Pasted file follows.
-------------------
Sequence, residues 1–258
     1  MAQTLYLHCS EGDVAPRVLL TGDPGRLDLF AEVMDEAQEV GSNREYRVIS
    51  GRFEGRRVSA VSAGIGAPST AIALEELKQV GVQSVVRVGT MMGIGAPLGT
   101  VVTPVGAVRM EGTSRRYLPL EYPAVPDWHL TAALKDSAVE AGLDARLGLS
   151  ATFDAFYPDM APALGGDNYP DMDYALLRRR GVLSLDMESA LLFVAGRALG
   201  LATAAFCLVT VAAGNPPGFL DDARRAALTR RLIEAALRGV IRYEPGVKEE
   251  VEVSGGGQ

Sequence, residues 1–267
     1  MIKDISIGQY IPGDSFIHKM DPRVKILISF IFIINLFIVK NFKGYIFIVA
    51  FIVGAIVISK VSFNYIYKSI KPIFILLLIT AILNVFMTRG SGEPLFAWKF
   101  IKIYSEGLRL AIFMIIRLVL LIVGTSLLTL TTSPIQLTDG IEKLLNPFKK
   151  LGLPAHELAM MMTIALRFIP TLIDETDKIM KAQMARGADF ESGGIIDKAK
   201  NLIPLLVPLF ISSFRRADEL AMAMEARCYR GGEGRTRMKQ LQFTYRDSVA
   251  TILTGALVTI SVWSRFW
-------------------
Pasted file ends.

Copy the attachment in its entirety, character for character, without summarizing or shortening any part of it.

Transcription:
Sequence, residues 1–258
     1  MAQTLYLHCS EGDVAPRVLL TGDPGRLDLF AEVMDEAQEV GSNREYRVIS
    51  GRFEGRRVSA VSAGIGAPST AIALEELKQV GVQSVVRVGT MMGIGAPLGT
   101  VVTPVGAVRM EGTSRRYLPL EYPAVPDWHL TAALKDSAVE AGLDARLGLS
   151  ATFDAFYPDM APALGGDNYP DMDYALLRRR GVLSLDMESA LLFVAGRALG
   201  LATAAFCLVT VAAGNPPGFL DDARRAALTR RLIEAALRGV IRYEPGVKEE
   251  VEVSGGGQ

Sequence, residues 1–267
     1  MIKDISIGQY IPGDSFIHKM DPRVKILISF IFIINLFIVK NFKGYIFIVA
    51  FIVGAIVISK VSFNYIYKSI KPIFILLLIT AILNVFMTRG SGEPLFAWKF
   101  IKIYSEGLRL AIFMIIRLVL LIVGTSLLTL TTSPIQLTDG IEKLLNPFKK
   151  LGLPAHELAM MMTIALRFIP TLIDETDKIM KAQMARGADF ESGGIIDKAK
   201  NLIPLLVPLF ISSFRRADEL AMAMEARCYR GGEGRTRMKQ LQFTYRDSVA
   251  TILTGALVTI SVWSRFW